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Wide Variance in COA Calculations with No Good Solution for Power Conferences

Yesterday I explained how the judge’s injunction in O’Bannon simplified the cost-of-attendance debate by making many of the alternatives illegal. Under the injunction there can be no need-based cost-of-attendance stipend nor can the NCAA and its members agree on the value of certain elements of COA. The judge required COA to be calculated:

As defined in 20 U.S.C. § 108711 and calculated by each school’s financial aid office applying the same standards, policies, and procedures for all students.

So that means existing COA calculations are a good benchmark of what athletes might be offered. As the numbers show, that will create some major problems.

A few notes on my methodology:
– I generally used out-of-state numbers for public schools. Travel allowances tended to be larger and the idea is these power conference schools are recruiting beyond state borders.
– I generally used entering freshmen numbers. Again, this is focused on the recruiting angle.
– This is not the full cost-of-attendance gap in many cases. I did not include books and supplies, nor did I include any loan fees or health insurance costs.
– The goal was to approximate how much “pocket money” per year a school might be able to offer a recruit. So only transportation/travel money and personal/miscellaneous expense allowances were included.
– Because school supplies are not included, you can add $250 to $500 to each of these. In many cases you can also add up to $2,000 one-time for purchase of a computer. Case-by-case adjustments are also permitted if the same adjustment is available to all students.

Here is each school’s annual personal and travel allowance (a.k.a. “pocket money”):

– Boston College: $2,200
– Clemson: $3,608
– Duke: $3,466
– Florida State: $5,356
– Georgia Tech: $1,600
– Louisville: $2,476
– Miami: $3,390
– North Carolina: $3,804
– NC State: $3,488
– Notre Dame: $1,950
– Pitt: $3,300
– Syracuse: $1,596
– Virginia: $3,770*
– Virginia Tech: $2,860
– Wake Forest: $2,400

*Virginia gives a range for transportation, I used the maximum.

Big Ten
– Illinois: $2,500
– Indiana: $3,036
– Iowa: $2,128
– Maryland: $3,824
– Michigan: $2,204
– Michigan State: $2,610
– Minnesota: $2,194
– Nebraska: $3,604
– Northwestern: $2,949*
– Ohio State: $3,346
– Penn State: $4,000
– Purdue: $1,910
– Rutgers: $2,747
– Wisconsin: $4,888

*Northwestern gave no travel cost except for commuter students, so that number was used.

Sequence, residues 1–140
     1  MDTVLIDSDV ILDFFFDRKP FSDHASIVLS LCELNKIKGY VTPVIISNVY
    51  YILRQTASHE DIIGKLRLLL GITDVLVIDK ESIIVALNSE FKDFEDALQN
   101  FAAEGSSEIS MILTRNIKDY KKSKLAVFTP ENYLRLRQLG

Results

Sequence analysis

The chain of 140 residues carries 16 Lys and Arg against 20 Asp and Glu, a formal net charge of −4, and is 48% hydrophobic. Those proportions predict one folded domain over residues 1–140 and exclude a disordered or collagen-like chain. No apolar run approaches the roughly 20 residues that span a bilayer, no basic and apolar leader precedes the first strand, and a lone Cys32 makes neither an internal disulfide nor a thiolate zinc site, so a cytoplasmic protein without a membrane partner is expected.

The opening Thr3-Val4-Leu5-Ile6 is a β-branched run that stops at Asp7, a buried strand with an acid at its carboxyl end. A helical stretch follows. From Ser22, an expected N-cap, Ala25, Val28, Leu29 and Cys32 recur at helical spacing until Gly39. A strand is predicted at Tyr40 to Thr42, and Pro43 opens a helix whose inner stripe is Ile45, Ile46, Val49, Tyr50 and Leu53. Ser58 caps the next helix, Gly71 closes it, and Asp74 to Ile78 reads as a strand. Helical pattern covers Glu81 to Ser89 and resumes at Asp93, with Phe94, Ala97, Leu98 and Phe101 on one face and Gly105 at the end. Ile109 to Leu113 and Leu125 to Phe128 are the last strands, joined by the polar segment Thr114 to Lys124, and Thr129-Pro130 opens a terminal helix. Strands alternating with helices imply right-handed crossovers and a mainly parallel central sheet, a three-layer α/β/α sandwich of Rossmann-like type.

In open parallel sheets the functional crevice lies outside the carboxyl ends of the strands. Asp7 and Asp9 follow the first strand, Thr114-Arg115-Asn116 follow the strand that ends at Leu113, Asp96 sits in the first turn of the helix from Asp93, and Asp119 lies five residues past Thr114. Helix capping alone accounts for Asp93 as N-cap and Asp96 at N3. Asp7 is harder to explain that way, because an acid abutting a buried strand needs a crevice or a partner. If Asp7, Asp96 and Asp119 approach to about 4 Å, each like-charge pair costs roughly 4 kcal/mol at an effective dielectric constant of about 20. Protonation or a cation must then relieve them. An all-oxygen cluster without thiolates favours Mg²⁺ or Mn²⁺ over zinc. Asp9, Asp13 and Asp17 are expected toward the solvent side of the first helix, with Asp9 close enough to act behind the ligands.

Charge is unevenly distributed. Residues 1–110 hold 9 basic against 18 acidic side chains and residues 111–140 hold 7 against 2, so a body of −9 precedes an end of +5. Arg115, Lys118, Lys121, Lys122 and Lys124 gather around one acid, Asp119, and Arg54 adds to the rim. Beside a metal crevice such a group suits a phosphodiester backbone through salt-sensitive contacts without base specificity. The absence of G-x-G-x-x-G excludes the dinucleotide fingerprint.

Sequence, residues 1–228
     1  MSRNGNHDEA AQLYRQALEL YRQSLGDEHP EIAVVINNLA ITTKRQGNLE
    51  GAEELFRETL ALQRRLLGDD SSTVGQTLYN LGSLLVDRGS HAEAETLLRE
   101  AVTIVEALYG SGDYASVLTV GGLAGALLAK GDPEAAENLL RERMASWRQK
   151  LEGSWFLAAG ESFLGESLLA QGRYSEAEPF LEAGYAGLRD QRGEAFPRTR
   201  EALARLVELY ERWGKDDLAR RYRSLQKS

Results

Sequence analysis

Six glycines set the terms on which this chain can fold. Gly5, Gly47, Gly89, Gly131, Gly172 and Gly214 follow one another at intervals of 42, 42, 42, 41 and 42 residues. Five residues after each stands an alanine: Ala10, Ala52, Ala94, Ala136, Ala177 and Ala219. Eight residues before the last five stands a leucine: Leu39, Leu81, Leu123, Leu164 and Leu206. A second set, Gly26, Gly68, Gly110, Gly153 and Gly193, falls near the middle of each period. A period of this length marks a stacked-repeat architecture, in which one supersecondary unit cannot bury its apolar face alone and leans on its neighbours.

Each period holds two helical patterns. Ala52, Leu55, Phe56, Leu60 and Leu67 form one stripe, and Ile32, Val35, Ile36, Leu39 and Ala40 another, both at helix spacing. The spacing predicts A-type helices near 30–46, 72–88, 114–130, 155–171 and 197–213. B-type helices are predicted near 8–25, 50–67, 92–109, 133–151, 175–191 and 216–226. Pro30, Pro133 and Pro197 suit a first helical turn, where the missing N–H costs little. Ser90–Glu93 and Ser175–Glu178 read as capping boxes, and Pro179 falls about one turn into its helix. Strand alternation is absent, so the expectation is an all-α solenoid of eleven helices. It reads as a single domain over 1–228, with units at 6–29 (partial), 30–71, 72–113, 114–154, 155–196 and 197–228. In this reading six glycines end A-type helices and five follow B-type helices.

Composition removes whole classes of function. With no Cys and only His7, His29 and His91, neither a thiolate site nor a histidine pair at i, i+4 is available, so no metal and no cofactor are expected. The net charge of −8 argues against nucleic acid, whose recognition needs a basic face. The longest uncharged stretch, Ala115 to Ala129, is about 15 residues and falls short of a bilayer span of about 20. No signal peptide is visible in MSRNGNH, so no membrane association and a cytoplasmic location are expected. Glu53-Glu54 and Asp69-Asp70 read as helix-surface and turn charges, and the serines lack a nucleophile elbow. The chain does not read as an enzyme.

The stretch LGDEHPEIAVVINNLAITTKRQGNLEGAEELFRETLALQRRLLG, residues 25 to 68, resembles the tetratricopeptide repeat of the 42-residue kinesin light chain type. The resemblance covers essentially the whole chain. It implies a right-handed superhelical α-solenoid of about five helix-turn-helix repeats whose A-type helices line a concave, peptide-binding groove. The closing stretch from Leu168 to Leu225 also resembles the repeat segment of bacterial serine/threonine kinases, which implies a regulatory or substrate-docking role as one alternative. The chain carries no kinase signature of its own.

Big 12
– Baylor: $3,882
– Iowa State: $2,430
– Kansas: $3,586
– Kansas State: $4,000
– Oklahoma: $4,500
– Oklahoma State: $4,560
– TCU: $2,700
– Texas: $4,310
– Texas Tech: $5,100
– West Virginia: $1,971*

*WVU forced me to use the Net Price Calculator to find out personal and travel expenses.

– Arizona: $3,300
– Arizona State: $3,358
– California: $2,528
– Colorado: $2,992
– Oregon: $2,340
– Oregon State: $2,577
– Stanford: $2,550
– UCLA: $2,223
– USC: $1,580
– Utah: $5,094
– Washington: $2,679
– Washington State: $3,542

– Alabama: $3,298
– Arkansas: $4,002
– Auburn: $5,586
– Florida: $3,320
– Georgia: $1,798
– Kentucky: $3,536
– LSU: $3,680
– Mississippi: $4,500
– Mississippi State: $5,126
– Missouri: $3,664
– South Carolina: $4,151
– Tennessee: $5,666
– Texas A&M: $3,100
– Vanderbilt: $2,730

*Vanderbilt only gives “varies” for travel allowance so it was not included.

The takeaway is obvious here. There is no way this will fly. Not only do some schools offer more than others, but there is no rhyme or reason to why one is greater than the other. Why are travel, clothing, entertainment, and other personal expenses more than twice as expensive in Knoxville, TN as in Los Angeles, CA? Why an over $600 difference between the two Los Angeles schools.

But at the same time, the options for doing so are very limited. The power conferences have one way to normalize cost of attendance across all 65 schools: let every school go up to the highest cost of attendance figure, which in this case is Tennessee’s $5,666.

But that has its own set of problems. First, many schools would then be permitted to exceed cost of attendance, some by thousands of dollars. Not only is that philosophically troubling for the NCAA, it also complicates matters with financial aid offices. If a portion of an athletic scholarship exceeds cost of attendance and is not paid through the financial aid office, what is but payment for services rendered?

Second, this would be massively more expensive than some schools were likely planning for. Tennessee’s number is almost twice as much as the Pac–12’s average. A school like Iowa State, already worried about paying for COA scholarships would see the cost go up by more than $3,000 per full scholarship equivalency. At that point, the divide between the haves, the have-mores, and the real elite would begin to show quickly and clearly.

And finally, it does not solve the perceived imbalance of giving athletes the same living allowance across the country when the cost of living varies wildly among the cities where these 65 schools are located.

So the debate is now simple: stick with schools coming up with their own individual numbers or let everyone go to the maximum. But expect it to the vicious. It will pit the have-mores with low COA gaps (Georgia, Michigan, Notre Dame, Alabama, USC) against the haves with similarly small allowances (Wake, Syracuse, BC, Georgia Tech, Purdue, Illinois, Minnesota, Iowa State, WVU, Cal, Oregon State). What everyone in the middle decides will say a lot about just how unified and similar those 65 schools are.

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